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Abstract Title: Reflective Problem Solving Skills are Essential for Learning, but It is not My Job to Teach Them
Abstract: Students in introductory physics courses are expected to learn physics content through the process of solving problems.  In an interview study with six university physics faculty, we have identified an important conflict in the way that they view problem solving in the context of an introductory course.  Three important findings will be described in this poster: 1) physics instructors believe that student learning in a physics course primarily occurs when students generalize and refine their physics knowledge by reflectively solving physics problems; 2) physics instructors realize that most students do not possess the skills necessary to engage in reflective problem solving when they enter an introductory physics course; and 3) physics instructors do not expect and do not intervene to make students improve their reflective problem solving skills during the introductory physics course.  Suggestions will be made for how to help instructors resolve the conflict represented on one hand by their (correct) assessment that students do not have the skills necessary to engage in the primary learning activity of the course and on the other hand by their pessimistic estimation of students' ability to improve in these very skills.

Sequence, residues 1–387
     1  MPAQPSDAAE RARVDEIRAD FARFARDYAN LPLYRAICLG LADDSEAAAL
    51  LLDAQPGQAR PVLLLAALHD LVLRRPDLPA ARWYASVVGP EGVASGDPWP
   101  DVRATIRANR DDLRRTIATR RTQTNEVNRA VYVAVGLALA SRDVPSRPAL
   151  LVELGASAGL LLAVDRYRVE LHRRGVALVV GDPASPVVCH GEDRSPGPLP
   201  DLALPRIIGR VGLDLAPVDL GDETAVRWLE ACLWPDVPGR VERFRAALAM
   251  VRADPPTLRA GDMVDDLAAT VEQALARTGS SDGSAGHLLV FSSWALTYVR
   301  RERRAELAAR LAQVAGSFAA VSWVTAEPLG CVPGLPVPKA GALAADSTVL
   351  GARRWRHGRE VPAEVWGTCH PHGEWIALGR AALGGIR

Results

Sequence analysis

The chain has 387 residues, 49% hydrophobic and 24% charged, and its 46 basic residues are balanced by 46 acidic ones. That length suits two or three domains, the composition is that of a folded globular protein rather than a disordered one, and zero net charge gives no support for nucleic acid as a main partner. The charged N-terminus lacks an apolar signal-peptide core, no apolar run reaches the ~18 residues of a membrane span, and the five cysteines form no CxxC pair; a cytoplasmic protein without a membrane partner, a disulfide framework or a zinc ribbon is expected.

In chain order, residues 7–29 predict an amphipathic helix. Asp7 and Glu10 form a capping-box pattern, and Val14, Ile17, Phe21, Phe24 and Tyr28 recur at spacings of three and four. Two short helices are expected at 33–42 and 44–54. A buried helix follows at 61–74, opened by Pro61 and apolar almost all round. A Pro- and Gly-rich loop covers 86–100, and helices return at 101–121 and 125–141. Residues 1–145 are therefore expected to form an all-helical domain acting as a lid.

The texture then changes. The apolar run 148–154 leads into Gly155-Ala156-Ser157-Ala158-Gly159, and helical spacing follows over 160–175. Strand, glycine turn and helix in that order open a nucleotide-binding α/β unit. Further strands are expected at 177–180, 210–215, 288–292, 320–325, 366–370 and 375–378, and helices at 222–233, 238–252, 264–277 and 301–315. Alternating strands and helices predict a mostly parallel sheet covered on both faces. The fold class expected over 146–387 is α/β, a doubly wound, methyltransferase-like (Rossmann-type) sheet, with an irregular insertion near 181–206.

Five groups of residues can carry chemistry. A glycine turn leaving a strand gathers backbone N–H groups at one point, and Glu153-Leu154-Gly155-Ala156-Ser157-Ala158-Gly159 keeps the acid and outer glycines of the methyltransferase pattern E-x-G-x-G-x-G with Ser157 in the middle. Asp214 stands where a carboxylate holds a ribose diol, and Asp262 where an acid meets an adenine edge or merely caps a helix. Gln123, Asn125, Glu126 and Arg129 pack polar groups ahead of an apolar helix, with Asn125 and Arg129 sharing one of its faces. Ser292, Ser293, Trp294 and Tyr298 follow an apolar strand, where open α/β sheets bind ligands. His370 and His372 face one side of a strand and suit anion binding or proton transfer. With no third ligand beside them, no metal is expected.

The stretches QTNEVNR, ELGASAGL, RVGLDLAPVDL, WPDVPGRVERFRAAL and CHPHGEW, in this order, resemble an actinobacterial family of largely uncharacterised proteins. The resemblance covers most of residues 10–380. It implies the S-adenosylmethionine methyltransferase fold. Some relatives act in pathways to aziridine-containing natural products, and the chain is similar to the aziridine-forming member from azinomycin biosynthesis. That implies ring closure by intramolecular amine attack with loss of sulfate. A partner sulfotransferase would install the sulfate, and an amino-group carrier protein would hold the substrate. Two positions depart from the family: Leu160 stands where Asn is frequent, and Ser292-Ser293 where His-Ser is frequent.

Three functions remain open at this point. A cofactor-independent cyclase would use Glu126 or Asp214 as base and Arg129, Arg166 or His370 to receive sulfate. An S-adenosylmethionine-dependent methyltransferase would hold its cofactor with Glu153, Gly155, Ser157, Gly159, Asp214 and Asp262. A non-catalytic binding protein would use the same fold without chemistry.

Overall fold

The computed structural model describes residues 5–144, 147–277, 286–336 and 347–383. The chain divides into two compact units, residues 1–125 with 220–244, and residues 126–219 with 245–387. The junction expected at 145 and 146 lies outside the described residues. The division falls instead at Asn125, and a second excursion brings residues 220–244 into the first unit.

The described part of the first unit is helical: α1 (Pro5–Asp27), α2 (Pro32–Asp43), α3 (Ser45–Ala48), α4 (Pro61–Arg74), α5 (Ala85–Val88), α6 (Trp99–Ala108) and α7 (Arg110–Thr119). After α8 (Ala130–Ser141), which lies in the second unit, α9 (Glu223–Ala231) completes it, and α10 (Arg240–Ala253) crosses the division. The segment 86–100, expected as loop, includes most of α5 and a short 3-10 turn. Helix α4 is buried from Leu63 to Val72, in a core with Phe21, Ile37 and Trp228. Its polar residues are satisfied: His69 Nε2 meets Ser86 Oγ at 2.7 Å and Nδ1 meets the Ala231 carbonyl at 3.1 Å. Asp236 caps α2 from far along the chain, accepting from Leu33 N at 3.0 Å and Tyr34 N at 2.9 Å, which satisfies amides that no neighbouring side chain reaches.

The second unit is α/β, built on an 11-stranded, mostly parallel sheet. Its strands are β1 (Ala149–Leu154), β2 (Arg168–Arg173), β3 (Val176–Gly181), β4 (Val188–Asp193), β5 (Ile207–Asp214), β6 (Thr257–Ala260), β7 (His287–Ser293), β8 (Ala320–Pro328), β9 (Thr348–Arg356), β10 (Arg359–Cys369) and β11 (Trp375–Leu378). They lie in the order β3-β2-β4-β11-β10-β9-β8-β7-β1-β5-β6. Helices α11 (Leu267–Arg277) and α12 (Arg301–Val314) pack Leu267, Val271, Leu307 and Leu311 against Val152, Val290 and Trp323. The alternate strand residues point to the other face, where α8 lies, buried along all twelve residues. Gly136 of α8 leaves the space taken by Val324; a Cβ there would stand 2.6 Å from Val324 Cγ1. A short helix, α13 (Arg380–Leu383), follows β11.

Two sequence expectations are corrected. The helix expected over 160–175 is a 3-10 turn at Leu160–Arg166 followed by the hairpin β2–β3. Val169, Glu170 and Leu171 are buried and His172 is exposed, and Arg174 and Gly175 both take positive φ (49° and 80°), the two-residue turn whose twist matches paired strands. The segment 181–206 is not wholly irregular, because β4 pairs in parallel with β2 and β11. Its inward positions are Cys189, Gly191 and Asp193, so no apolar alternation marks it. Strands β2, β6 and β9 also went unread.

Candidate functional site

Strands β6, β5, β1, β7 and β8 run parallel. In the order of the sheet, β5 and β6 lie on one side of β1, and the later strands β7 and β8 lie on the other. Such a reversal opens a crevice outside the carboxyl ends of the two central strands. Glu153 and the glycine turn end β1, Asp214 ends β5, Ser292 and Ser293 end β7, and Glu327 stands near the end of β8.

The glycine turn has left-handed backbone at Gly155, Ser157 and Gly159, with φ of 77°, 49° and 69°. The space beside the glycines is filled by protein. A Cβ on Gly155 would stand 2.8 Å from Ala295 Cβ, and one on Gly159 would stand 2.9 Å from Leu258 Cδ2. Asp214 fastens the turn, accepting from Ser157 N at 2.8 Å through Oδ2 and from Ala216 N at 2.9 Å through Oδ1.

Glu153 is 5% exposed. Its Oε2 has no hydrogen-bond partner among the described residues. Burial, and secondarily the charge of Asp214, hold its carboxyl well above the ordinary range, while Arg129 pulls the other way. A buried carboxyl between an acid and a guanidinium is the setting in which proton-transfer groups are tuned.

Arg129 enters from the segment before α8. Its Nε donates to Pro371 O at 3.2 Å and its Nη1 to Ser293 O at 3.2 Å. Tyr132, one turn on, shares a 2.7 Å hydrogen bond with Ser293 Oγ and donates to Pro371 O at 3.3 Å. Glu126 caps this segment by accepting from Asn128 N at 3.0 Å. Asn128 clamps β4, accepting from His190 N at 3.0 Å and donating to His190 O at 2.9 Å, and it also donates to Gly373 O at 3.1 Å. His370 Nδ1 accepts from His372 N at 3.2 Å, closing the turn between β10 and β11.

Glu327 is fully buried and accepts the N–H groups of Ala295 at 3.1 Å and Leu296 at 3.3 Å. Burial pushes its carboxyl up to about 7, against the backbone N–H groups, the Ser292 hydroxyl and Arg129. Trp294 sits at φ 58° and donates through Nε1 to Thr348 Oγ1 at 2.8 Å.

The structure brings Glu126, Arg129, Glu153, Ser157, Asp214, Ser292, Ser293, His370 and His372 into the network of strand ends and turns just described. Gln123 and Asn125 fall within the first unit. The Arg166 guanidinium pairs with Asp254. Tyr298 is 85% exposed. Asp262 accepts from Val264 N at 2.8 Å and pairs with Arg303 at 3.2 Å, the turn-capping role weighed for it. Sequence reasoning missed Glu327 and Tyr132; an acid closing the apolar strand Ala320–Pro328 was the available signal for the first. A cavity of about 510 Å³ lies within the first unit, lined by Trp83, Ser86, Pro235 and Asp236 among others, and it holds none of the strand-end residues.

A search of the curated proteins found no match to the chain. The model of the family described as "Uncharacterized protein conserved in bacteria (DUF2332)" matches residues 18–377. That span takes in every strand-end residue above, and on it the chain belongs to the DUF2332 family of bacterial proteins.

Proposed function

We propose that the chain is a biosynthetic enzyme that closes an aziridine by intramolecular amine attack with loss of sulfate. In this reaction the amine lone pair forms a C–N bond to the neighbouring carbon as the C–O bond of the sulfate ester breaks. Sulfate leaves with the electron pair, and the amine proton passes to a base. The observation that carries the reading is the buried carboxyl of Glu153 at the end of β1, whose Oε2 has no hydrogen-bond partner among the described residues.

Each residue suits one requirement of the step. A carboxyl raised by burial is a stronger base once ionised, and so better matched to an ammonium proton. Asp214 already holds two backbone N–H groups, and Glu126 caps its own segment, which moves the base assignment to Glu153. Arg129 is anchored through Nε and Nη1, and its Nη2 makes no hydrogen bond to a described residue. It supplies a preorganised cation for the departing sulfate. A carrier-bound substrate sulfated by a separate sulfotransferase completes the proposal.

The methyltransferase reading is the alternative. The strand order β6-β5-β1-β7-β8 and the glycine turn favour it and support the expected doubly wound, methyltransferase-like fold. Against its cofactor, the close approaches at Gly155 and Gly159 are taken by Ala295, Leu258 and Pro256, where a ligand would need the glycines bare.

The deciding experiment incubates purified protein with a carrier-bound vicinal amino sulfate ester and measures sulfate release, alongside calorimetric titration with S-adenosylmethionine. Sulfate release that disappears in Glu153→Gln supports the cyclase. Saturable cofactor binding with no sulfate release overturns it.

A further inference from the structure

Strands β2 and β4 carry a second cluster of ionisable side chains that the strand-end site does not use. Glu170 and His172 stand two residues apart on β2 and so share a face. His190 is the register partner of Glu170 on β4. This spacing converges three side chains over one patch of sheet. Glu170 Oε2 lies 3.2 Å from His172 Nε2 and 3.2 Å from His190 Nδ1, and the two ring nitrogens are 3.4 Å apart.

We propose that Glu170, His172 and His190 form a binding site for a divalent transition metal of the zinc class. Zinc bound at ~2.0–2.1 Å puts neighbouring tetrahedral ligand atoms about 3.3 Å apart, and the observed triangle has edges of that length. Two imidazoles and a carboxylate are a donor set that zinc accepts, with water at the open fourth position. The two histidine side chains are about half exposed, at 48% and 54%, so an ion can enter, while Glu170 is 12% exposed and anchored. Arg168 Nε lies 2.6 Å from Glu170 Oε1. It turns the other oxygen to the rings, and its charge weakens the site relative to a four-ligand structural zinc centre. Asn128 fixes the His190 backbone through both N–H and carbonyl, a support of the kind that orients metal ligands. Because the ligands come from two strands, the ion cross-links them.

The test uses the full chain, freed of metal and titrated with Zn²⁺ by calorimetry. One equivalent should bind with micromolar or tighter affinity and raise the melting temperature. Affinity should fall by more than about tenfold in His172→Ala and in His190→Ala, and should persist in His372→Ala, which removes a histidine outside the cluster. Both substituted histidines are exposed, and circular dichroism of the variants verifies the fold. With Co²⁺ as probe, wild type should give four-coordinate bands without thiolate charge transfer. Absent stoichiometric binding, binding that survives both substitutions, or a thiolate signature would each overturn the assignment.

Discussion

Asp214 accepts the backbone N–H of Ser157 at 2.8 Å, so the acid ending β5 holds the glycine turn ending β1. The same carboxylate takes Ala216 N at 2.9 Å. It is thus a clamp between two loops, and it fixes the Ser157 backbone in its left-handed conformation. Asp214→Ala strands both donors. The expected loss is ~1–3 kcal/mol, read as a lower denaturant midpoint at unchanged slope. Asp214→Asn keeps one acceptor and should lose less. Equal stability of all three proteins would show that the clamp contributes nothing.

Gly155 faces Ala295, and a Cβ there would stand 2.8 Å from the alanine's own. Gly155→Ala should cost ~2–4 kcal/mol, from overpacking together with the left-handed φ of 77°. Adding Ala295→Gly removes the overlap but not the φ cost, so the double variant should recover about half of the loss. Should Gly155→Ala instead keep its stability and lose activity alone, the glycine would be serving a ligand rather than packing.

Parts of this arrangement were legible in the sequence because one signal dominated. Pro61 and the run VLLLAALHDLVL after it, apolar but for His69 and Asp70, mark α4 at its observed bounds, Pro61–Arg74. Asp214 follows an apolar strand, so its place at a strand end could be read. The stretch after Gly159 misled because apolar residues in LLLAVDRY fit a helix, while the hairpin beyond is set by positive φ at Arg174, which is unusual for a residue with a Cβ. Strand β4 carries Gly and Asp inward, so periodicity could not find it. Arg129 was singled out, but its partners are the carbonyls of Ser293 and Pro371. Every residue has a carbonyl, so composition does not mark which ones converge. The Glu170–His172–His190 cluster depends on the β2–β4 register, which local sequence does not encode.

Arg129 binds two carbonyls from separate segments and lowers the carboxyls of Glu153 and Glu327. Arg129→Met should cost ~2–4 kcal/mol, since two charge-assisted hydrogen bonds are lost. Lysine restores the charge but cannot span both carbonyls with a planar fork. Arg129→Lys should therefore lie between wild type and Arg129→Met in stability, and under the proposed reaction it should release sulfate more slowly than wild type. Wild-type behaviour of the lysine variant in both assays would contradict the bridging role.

Abstract Type: Targeted Poster
Targeted Session: Developing Learning Skills in the Physics Classroom to Attend to Diverse Populations

Author/Organizer Information

Primary Contact: Charles Henderson
Western Michigan University
and Co-Presenter(s)
Edit Yerushalmi and Elisheva Cohen, Weizmann Institute,
Vince Kuo, Ken Heller and Pat Heller, University of Minnesota